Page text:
Edward G. Shaw, M.D.
July 14, 2022 — The work and knowledge a medical physicist brings to medical imaging and treatment typically focuses on science and technology. But more and more, these scientists are taking the lead on a people-first approach to improve health care for those who need it.
During the President's Symposium titled "Important Conversations" at the annual meeting of the American Association of Physicists in Medicine (AAPM), three keynote speakers will discuss the human condition of the patients served by medical physics as well as the developing opportunities for medical physics to contribute robustly to health care innovation in the United States. The AAPM 64th Annual Meeting & Exhibition will take place in Washington, D.C., on July 10-14, with the symposium scheduled for 10:15 a.m. on July 11.
"The 2022 Annual Meeting: 'Celebrating Medical Physics-Transforming Human Health' highlights the accomplishments of medical physicists over decades, as well as, given the COVID era, the opportunity to now meet together," said J. Daniel Bourland, M.D., president of AAPM. "Our members, corporate affiliates, and associated individuals are all enthusiastically looking forward to being together and sharing our scientific, educational, and professional discoveries and accomplishments.
"Whether having impact through a new technology or scientific discovery, or through the compassionate provision of medical physics-based care for a particular patient, medical physicists are transforming human health by the applications of medical physics – we 'improve health through medical physics.'"
The keynote speakers for the President's Symposium will provide "important conversations" for the medical physics community and all those vested in improving health care approaches for patients.
The Alzheimer's Epidemic
Edward G. Shaw, M.D., radiation oncologist and geriatric/caregiver counselor from the Wake Forest School of Medicine, will discuss the most common type of dementia, Alzheimer's disease, which is progressive and incurable.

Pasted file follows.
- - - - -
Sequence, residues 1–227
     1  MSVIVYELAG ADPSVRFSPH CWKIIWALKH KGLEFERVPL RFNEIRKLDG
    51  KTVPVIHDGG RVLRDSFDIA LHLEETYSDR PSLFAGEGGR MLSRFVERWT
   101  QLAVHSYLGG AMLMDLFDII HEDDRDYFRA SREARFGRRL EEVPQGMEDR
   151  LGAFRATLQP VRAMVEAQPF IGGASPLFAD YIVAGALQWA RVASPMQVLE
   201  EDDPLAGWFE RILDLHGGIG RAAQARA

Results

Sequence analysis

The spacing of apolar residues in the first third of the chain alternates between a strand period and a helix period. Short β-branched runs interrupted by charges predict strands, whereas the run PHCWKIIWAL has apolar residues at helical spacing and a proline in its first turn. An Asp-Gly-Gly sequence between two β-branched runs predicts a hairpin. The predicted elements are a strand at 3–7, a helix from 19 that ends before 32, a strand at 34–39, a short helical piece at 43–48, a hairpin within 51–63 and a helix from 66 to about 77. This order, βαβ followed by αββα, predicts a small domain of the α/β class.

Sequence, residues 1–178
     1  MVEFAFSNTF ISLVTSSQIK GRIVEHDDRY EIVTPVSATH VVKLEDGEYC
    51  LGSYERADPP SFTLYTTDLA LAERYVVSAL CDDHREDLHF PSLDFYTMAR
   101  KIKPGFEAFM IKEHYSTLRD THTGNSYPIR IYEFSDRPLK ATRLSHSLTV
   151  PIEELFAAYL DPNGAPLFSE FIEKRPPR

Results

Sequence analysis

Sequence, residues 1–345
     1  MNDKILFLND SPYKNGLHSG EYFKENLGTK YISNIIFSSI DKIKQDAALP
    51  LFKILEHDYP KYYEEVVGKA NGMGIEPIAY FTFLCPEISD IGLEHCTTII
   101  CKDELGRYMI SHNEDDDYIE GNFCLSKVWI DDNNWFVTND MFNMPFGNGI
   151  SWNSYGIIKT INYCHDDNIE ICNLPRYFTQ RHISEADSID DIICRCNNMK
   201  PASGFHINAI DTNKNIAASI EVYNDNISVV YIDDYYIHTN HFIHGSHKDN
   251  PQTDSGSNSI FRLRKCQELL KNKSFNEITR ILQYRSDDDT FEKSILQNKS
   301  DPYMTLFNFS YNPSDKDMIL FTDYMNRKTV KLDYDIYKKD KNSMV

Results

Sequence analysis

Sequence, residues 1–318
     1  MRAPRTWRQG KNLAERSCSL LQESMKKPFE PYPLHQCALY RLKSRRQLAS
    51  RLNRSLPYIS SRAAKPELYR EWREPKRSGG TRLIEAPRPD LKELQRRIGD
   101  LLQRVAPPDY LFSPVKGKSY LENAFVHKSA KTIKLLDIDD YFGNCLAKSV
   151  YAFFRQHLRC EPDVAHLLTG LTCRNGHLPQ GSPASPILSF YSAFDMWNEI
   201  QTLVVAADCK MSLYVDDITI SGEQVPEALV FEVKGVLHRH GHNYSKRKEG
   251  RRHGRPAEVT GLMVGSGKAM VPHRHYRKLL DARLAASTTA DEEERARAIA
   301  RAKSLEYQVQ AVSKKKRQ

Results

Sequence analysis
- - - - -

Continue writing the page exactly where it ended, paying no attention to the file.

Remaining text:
Shaw will compare the patient's experience of cancer and Alzheimer's disease and describe the medical physicist's role in the Alzheimer's disease epidemic. He will share professional and personal perspectives as an academic radiation oncologist specializing in treating brain tumors who also served as caregiver for nine years to his 53-year-old wife, who was diagnosed with early onset Alzheimer's disease.
What We Can Learn from Patients and Why We Need to Listen
Rebecca Milman, M.D., associate professor and diagnostic medical physicist from the University of Colorado School of Medicine, will detail the dynamics of patient engagement and how patients have been absent from discussions about diagnostic imaging and radiation-based therapies.
Milman will outline how actively seeking patients' perspectives and experiences can help further AAPM's mission of improving health through medical physics.
Advanced Research Project Agency for Health and Cancer Moonshot
Tara Schwetz, Ph.D., acting principal deputy director of the National Institutes of Health, will discuss two health research initiatives prioritized by President Joe Biden's administration: the Advanced Research Projects Agency for Health and Cancer Moonshot.
Schwetz will provide the latest information for these two national initiatives that are being positioned for significant and transformative impact for human health – catalyzing health care innovation and ending cancer – including the challenges and opportunities that are relevant for contributions by the medical physics community.
The AAPM Annual Meeting & Exhibition draws about 4,000 participants to the world's largest program of scientific, educational, and professional presentations plus technical exhibits and social programs that targets the medical physics community specifically. This year's event is a live and in-person meeting featuring the theme "Celebrating Medical Physics: Transforming Human Health."
For more information: www.aapm.org